PTFE

PTFE (THE FLUOROCARBON FAMILY) SHEET, ROD, TUBING, SHAPES, ETC.

PTFE, FEP, PVDF, PFA, ETFE, PCTFE, ECTFE and PVF

In general, the fluoroplastic family offers plastics with chemical resistance, low and high temperature capability, resistance to weathering, low friction properties, electrical and thermal insulation and "slipperiness." We must remember, though, that none of the fluoroplastics can be readily joined by gluing or solvent cementing. Also, all of the fluoroplastics will burn when exposed to flame. But they will not continue to burn when the flame is removed.

PTFE (polytetrafluoroethylene) was the first fluorocarbon. It is the most chemically resistant plastic known. Only a few chemicals react with it. Its mechanical properties are low compared to other engineering plastics, but its properties remain at a useful level over a great temperature range (-400° to 500°F). Mechanical properties can be improved by the addition of fillers such as glass fiber, carbon, graphite, molybdenum disulfide and bronze. PTFE has excellent thermal and electrical insulation properties. And it has a low coefficient of friction. It is difficult to make anything adhere to PTFE. A material may stick to it, but the material can be peeled off or rubbed off. PTFE is not melt processible. It cannot be injection or blow molded, extruded by conventional means, nor vacuum formed. The resin must be compressed, then sintered (a controlled heat treatment) to produce a useful plastic.

FEP (fluorinated ethylene propylene) processes by conventional means. It is extruded and injection molded. It has the chemical resistance, mechanical and electrical properties of PTFE but a more narrow temperature range - maximum temperature is 400°F. A plastic converter can apply knit fiberglass to one side of an FEP sheet. Fabricators can weld glass backed sheets together over cylindrical molds and vessel closure molds (flat or dishod or conical heads). They then overwrap this "liner" with fiberglass reinforced thermoset resin to make chemical resistant tanks, vessels and columns for the corrosive chemical industry.

PVDF (poly-vinylidene fluoride) is a melt processible fluoropolymer capable of being injection and compression molded and screw extruded. It is stiffer and resists cold flow better than PTFE, FEP and PFA. However, its chemical resistance, antistick properties, lubricity, electrical properties and useful temperature range (-80° to 300°F) are lower than PTFE, FEP and PFA. Glass backed sheets of PVDF make liners for vessels as does FEP. Pipe and fittings of PVDF are one of the most economical and chemical resistant, high temperature solid pipe systems available.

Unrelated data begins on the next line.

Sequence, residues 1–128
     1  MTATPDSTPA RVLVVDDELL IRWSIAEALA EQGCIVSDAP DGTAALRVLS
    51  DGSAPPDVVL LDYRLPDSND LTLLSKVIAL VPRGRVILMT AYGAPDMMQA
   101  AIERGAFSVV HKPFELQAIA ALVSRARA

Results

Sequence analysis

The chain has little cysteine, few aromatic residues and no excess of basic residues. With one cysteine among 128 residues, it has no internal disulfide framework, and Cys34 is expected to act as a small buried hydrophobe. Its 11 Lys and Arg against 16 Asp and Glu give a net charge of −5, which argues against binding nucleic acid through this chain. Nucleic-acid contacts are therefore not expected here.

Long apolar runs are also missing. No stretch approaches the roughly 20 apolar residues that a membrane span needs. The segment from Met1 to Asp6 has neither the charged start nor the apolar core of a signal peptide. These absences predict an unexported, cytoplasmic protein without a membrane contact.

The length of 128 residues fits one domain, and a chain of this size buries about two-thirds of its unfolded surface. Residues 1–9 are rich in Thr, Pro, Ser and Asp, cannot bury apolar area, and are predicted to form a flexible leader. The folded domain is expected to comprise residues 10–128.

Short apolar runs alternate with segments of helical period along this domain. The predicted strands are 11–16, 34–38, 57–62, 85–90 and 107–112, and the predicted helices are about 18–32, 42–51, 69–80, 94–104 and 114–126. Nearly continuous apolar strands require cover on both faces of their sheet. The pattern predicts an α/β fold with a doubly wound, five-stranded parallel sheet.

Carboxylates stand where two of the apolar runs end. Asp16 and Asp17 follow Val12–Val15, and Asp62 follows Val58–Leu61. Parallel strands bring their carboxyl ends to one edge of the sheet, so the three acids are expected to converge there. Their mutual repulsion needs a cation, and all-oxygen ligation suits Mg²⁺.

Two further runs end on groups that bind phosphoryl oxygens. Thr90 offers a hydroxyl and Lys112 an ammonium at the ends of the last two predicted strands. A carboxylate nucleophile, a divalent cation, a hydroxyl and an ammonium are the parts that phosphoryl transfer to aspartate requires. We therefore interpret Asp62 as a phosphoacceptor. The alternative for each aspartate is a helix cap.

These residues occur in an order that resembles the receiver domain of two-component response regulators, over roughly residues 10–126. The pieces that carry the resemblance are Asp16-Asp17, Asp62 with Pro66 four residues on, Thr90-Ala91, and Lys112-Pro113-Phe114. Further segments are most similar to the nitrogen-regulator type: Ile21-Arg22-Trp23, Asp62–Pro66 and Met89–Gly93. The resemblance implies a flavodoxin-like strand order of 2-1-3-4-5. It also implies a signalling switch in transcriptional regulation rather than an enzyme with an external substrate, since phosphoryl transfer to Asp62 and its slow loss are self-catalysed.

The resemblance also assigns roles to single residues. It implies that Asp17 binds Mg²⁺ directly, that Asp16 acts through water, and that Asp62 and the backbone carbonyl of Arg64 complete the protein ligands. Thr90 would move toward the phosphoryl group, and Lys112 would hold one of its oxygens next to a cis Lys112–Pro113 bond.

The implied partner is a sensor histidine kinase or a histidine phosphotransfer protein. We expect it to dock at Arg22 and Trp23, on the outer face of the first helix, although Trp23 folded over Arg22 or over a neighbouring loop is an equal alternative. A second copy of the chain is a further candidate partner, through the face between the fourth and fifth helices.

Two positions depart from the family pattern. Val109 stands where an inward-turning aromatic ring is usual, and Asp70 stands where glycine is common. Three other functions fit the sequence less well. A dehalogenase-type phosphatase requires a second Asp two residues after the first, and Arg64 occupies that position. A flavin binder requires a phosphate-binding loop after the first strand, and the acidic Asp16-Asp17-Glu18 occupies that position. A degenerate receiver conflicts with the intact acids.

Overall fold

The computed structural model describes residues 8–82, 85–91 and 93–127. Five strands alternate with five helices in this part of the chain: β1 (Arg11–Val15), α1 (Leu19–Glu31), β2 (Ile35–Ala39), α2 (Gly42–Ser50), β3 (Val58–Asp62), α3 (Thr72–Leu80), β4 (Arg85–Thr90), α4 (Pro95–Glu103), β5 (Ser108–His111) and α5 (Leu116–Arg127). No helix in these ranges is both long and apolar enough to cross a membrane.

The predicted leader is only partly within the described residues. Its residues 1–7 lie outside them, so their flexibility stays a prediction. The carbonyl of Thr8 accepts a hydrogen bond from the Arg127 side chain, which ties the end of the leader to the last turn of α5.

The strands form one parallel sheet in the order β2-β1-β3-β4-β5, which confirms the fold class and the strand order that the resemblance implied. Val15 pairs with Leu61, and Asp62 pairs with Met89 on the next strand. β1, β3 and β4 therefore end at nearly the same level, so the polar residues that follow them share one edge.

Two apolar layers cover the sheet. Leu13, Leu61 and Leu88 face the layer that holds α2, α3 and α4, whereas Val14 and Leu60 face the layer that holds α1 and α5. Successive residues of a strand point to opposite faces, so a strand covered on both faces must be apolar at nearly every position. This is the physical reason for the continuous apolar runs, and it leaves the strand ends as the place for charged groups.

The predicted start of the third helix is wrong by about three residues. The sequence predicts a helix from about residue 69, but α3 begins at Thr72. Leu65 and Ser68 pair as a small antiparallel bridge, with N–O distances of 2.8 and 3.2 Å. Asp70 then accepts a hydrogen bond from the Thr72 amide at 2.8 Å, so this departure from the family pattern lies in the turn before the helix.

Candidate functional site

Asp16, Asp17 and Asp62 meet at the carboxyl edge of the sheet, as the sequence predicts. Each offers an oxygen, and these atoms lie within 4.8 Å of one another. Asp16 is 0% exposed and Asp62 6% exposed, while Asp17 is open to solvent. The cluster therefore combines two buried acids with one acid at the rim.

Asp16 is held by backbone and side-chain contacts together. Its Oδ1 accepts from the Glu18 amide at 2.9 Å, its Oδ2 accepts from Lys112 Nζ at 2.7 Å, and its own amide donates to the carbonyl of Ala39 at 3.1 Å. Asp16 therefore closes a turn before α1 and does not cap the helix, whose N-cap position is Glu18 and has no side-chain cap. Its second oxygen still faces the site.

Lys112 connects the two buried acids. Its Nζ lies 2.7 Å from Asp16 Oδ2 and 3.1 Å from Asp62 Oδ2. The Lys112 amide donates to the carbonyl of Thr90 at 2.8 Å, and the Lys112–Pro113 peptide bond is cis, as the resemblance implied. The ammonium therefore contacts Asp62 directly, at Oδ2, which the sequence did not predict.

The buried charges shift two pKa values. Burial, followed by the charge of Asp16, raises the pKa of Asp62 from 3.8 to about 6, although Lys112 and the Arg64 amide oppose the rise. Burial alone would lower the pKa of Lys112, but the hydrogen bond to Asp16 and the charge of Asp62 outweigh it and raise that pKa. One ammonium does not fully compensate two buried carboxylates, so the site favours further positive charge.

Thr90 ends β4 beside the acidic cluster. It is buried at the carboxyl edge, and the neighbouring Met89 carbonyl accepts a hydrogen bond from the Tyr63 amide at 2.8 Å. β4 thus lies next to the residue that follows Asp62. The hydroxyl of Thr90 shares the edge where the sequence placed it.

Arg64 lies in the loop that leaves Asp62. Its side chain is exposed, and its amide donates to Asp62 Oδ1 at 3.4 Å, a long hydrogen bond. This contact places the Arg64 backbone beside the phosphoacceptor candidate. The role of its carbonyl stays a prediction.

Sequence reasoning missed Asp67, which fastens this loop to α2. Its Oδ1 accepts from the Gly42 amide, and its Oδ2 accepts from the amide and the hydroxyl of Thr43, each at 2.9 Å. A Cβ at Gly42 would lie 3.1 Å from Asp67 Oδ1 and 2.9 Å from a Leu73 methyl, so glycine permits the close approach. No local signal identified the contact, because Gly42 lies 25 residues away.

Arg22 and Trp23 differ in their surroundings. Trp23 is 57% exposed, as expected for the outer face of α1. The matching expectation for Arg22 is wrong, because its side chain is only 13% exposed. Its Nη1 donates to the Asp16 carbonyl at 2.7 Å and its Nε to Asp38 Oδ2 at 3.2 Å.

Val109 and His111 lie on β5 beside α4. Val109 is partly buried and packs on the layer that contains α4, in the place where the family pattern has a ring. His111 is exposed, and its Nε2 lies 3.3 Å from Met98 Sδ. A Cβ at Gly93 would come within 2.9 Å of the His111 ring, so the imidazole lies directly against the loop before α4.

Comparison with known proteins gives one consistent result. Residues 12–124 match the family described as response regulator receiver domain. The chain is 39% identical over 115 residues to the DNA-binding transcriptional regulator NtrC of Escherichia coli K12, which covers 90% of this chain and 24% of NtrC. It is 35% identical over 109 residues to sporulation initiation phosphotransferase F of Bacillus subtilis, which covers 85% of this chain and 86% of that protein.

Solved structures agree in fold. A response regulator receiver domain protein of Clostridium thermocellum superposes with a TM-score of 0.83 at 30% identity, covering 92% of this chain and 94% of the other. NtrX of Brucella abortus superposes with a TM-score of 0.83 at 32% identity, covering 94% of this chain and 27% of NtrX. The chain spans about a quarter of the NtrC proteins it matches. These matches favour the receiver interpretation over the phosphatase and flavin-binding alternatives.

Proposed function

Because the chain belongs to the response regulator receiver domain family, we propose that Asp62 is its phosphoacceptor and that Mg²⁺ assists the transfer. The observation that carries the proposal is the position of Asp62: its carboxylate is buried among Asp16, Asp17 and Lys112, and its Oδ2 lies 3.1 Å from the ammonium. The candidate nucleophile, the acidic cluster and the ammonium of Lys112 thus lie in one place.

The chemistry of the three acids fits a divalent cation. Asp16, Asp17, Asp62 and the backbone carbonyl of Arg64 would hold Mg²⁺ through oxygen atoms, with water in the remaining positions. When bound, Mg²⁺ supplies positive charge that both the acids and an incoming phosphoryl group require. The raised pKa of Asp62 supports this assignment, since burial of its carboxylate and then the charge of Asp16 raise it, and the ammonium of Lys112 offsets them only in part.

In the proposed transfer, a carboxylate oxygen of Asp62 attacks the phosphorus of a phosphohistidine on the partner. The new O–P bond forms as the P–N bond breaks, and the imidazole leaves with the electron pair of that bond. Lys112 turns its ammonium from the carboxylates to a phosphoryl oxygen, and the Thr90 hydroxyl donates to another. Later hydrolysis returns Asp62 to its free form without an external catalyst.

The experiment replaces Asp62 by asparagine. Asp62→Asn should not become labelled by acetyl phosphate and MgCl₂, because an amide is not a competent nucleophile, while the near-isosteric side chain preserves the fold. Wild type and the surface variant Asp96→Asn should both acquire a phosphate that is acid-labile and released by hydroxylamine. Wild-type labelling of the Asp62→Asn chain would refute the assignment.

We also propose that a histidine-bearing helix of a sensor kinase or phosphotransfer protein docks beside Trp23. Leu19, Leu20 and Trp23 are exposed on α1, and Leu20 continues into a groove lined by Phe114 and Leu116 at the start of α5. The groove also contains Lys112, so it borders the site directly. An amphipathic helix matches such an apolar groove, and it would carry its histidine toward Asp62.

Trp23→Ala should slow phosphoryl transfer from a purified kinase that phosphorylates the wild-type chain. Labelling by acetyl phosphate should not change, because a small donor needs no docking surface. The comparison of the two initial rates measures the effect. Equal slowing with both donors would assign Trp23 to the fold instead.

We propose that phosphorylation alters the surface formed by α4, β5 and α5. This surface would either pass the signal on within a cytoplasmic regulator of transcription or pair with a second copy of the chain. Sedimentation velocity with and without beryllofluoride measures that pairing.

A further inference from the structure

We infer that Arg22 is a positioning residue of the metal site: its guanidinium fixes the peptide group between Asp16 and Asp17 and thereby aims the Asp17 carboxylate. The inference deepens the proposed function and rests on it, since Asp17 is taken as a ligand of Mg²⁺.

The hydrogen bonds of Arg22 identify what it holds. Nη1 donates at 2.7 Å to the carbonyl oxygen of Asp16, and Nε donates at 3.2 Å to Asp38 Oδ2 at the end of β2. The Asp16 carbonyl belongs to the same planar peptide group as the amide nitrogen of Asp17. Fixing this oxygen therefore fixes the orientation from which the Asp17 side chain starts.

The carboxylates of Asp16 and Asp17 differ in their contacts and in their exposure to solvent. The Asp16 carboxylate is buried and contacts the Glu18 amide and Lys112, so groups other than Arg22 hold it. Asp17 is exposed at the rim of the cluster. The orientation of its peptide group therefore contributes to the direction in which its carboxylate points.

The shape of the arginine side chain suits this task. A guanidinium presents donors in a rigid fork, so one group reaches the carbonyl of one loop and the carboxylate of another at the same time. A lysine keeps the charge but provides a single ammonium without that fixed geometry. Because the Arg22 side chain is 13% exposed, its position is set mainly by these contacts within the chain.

PFA (perfluoroalkoxy) is also melt processible. Its properties are those of PTFE and include resistance to practically all chemicals, the useful temperature range of PTFE, resistance to weathering, low friction coefficient and excellent electrical insulation characteristics. It is, however, more expensive than PTFE and FEP resins.

ETFE (ethylenetetrafluoroethylene) is a copolymer of ethylene and tetrafluoroethylene and is readily processed by conventional methods. It has good thermal properties (maximum service temperature of 300°F) and abrasion resistance. It has greater strength and stiffness than PTFE, FEP and PFA and has excellent impact strength.

PCTFE (polychlorotrifluoroethylene) is melt processible. Within its service temperature range, it has greater tensile and compressive strength than PTFE, FEP or PFA. At high temperatures it is subject to stress cracking. It does not have the solvent resistance of PTFE, FEP, PFA or ETFE. However, its radiation resistance is better.

ECTFE (ethylene-chlorotrifluoroethylene) is a copolymer of ethylene and PCTFE. It is melt processible. It has excellent electric insulating properties. At ambient temperatures its mechanical properties compare to those of nylon 6. It has excellent impact resistance at ambient and sub ambient temperatures. Glass backed sheets of ECTFE make liners for vessels like FEP and PVDF. Its service temperature ranges from -80° to 300°F.

PVF (polyvinyl fluoride) has outstanding resistance to weathering and good resistance to abrasion and staining. It is used as a surfacing film for industrial, architectural and decorative building materials.

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